Editors' ChoiceG Proteins

Convergent Paths

Science's STKE  29 Aug 2000:
Vol. 2000, Issue 47, pp. tw9
DOI: 10.1126/stke.2000.47.tw9

G protein-coupled receptors can couple to more than one G protein. Blaukat et al. provide evidence for the requirement of two G protein pathways in signaling from bradykinin and muscarinic acetylcholine receptors to the mitogen-activated protein kinase (MAPK) cascade. Receptors and a hemagglutinin-tagged version of the MAPK, extracellular signal-regulated kinase 2 (ERK2), were transfected into HEK293 cells, and then the Gαi and the Gαq/11 pathways were blocked pharmacologically or by coexpression of dominant-negative proteins involved in the relevant pathway. The data suggest that bradykinin activates Ras through Gαi but that activation of the mitogen-activated and ERK kinase (MEK) downstream of Ras requires activation of the Gαq/11 pathway as well. These results were confirmed in human foreskin fibroblasts, which also depended on intact Gαi and Gαq/11 pathways for bradykinin-stimulated MAPK activation. Fibroblasts from Gαq/11-deficient mice also failed to activate MAPK in response to bradykinin. Thus, two G protein pathways may need to converge to lead to specific cellular responses from a single activated receptor.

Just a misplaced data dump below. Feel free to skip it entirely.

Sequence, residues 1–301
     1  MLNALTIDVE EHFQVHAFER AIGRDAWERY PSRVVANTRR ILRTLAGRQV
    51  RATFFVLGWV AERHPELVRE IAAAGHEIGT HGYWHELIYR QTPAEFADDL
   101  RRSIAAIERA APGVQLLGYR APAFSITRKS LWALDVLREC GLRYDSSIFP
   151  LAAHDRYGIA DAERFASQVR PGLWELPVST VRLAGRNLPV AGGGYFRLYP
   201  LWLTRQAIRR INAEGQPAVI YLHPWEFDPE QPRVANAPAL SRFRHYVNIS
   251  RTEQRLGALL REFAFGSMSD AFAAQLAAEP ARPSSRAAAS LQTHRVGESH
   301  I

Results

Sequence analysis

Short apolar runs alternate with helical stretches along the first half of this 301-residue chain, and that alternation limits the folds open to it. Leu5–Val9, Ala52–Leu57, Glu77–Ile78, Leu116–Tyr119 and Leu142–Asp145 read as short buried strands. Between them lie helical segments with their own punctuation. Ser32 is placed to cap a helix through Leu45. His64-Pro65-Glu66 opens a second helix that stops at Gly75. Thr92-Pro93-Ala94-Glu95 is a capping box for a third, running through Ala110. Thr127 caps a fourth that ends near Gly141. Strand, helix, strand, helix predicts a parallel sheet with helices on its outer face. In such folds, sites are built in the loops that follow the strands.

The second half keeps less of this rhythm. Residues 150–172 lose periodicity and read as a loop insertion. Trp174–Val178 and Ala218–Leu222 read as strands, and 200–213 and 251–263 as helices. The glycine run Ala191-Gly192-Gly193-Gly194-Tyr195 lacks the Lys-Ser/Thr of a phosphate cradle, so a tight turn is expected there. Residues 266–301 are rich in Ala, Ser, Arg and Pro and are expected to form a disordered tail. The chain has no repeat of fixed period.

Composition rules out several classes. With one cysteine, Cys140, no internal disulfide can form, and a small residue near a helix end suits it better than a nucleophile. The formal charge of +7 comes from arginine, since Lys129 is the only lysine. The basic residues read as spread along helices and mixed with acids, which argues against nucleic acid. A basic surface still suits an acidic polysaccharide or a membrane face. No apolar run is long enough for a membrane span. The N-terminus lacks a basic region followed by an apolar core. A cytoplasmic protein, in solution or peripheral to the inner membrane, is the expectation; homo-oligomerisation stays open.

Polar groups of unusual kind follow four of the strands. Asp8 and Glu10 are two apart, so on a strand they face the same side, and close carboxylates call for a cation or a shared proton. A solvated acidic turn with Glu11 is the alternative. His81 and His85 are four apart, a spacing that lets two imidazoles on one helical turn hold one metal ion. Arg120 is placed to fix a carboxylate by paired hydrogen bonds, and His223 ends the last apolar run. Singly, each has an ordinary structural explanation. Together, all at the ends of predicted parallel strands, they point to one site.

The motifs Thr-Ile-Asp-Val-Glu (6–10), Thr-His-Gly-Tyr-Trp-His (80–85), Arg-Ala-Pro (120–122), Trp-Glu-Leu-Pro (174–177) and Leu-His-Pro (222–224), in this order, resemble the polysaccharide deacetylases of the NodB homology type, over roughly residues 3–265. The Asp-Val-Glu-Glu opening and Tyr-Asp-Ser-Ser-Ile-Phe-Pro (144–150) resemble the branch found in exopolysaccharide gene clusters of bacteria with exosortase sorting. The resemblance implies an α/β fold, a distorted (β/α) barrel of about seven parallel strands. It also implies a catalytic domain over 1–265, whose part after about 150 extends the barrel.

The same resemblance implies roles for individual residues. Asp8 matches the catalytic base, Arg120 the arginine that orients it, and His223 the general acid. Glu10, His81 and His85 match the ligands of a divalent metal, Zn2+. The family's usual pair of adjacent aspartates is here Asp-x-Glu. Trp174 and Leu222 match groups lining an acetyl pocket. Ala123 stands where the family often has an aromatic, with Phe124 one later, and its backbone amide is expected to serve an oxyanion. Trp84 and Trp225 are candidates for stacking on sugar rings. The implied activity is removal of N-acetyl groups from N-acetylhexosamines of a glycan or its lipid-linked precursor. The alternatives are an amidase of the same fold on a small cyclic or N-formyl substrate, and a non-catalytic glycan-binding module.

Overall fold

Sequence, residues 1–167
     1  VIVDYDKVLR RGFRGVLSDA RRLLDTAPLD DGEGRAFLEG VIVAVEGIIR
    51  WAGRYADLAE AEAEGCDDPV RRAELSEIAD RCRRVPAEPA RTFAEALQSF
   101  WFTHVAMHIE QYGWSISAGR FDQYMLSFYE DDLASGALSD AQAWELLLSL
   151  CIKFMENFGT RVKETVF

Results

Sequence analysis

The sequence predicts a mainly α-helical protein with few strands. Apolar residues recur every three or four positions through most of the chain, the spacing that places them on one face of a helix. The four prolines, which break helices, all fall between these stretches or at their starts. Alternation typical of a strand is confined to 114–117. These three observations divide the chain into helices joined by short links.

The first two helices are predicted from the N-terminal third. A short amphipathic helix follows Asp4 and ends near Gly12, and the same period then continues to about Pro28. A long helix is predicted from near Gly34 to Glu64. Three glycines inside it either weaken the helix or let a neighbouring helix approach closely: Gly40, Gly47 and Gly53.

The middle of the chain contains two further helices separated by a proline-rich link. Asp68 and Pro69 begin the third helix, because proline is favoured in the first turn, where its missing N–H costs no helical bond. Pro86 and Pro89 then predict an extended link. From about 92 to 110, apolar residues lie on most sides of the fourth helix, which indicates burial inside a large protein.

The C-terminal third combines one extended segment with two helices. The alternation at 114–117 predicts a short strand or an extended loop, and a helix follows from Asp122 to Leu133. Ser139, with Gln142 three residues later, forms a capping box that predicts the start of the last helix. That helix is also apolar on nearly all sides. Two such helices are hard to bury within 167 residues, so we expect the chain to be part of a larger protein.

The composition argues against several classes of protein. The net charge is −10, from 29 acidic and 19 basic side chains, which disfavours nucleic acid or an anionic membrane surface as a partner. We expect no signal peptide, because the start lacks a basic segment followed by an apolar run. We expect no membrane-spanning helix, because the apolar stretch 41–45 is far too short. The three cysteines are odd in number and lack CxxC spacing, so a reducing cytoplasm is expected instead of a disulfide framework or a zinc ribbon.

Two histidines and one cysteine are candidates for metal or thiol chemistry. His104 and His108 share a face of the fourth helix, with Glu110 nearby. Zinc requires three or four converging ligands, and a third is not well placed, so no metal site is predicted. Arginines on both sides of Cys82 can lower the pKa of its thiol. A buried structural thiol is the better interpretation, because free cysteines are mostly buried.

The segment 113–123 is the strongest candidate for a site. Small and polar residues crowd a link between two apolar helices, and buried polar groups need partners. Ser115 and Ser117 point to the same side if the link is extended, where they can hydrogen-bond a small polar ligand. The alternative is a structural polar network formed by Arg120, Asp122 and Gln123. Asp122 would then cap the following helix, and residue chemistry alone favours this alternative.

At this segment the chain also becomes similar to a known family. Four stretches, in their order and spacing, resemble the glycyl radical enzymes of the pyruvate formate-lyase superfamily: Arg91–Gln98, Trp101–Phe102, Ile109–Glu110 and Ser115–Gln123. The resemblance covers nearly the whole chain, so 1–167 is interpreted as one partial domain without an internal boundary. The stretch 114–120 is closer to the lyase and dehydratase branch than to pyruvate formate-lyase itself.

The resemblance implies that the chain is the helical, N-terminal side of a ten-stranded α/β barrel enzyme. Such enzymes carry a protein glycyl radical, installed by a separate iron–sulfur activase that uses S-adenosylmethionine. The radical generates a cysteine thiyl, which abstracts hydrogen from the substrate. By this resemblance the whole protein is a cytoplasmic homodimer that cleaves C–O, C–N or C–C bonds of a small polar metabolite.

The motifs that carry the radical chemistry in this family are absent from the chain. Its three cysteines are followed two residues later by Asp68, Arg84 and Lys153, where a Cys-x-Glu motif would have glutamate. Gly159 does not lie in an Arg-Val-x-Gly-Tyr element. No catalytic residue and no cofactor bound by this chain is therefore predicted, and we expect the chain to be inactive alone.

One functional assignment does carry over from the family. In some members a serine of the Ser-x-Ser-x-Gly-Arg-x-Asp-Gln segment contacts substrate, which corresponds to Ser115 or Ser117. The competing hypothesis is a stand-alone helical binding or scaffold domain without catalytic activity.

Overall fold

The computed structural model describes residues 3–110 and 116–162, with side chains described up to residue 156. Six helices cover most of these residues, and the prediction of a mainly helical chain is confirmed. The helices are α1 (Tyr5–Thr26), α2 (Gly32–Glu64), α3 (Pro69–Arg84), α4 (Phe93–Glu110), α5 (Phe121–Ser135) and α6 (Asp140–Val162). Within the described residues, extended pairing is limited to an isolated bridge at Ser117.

Blaukat, A., Barac, A., Cross, M.J., Offermanns, S., and Dikic, I. (2000) G protein-coupled receptor-mediated mitogen-activated protein kinase activation through cooperation of Gαq and Gαi signals. Mol. Cell. Biol. 20: 6837-6848. [Abstract] [Full Text]